In his respected work, Ways of Seeing, the art critic John Berger comments that:
unlike any other visual image, a photograph is not a rendering, an imitation or an interpretation of its subject, but actually a trace of it. No painting or drawing, however naturalist, belongs to its subject in the way that a photograph does.
It’s a positive way of looking at one of the differences between traditional art and photography. A photograph captures a moment in time in its actuality, whereas something like a painting or drawing, however accurate is essentially a rendering of whatever the artist chooses to see. But can photography itself ever be described as an art form? And more importantly, what is art?
Subjectively Biased Interpretation
In my mind art is a subjectively biased interpretation of the artist’s subject. In many ways, the choice of subject is largely irrelevant; it’s the biased interpretation that makes things interesting and unique.
Artists show their own unique vision of a scene, which provokes a reaction from us, the viewer. Their ‘job’ if you like, is to make us see a scene and to execute it in a way that engages the viewer. The skill lies in being able to translate an idea to a finished product in the medium of the artist’s choice.
If we take the above paragraph at face value, it’s difficult to see where photography would fit into this analogy. As photographers, it’s not easy to see anything other than what is in front of our lenses – we can only photograph what physically exists, or what we can make physically exist. And, as such, it’s not hard to see why some people can be very dismissive of photography as an art form.
Is There Artistic Value in Photography?
For myself, I certainly struggle to compare my work to that of a painter or sculptor. I can’t draw for toffee and I certainly don’t have the skills that they have.
It’s also hard for people to see an artistic value in photography when it’s possible to make nearly identical copies of the same image. A photograph can never be a one-off like a painting (unless of course you print one copy and then delete all traces of its existence!). And of course, since digital photography became the norm, there’s a certain belief that anyone can take a photograph. Entry-level DSLRs are remarkably cheap and the camera companies that push them are partially responsible for supporting this view. Owning an expensive camera can seem like more of a lifestyle choice than anything else these days!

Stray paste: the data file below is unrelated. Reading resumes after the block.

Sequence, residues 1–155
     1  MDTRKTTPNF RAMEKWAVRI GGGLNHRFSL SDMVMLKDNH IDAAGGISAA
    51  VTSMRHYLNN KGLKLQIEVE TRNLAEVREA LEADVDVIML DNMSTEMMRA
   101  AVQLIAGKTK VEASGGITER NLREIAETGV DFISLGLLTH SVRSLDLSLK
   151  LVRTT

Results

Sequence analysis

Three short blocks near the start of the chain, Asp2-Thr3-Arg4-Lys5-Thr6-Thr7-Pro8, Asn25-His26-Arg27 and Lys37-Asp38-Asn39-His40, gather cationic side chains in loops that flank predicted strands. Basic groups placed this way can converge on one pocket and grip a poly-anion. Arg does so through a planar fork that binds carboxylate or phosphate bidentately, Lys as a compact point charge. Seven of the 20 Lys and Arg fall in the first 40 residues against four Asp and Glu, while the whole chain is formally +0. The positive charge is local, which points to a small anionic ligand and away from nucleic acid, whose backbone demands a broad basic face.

And you don’t even need a camera to take a photograph these days. Most mobile phones come with a camera and a million and one ways to instantly upload and share your work with anyone you choose. The magic of a photograph is somewhat lost when it’s posted on Twitter or Facebook five seconds after it was taken.
It’s undoubtedly hard to justify this instant medium as ‘art’ in the true sense of the word.
Art Influencing Photography
But yet, despite all this, I do believe that some photography can be viewed as art. What a lot of people don’t realise is that many of us pros see art as a huge influence in our work.
If you take a close look at landscape and portrait images, you’ll often see the influence of paintings. I often mimic the setup of groups of people in paintings in my own portraiture, along with the interesting expressions and moods that said painters have captured. So, before many of us have even pressed the shutter, the influence of art is apparent in our work.
Technical & Artistic Skills
The sort of photography I view as art is the kind of work that has clearly had thought put into it, and in which both technical and artistic skills is evident. The most stunning portrait and landscape shots have clearly not just been ‘snapped’ with a camera phone.
Photographs where time has been taken to get the correct lighting, whereby possibly hours have been spent getting the set up right, a relationship with the subject has been established and is evident in the final result – these images are art.
There is a skill involved in taking images that speak to the viewer and provoke a reaction in them that’s no different to the reactions evoked by art.
So yes, I do believe that in the right circumstances photography is an art form. And it’s an art form that takes skill, artistic ability and an understanding of technology. It deserves its place on the artistic forum.
Many thanks to author: Jo Plumridge
and Contrastly for giving the permission to repost this article.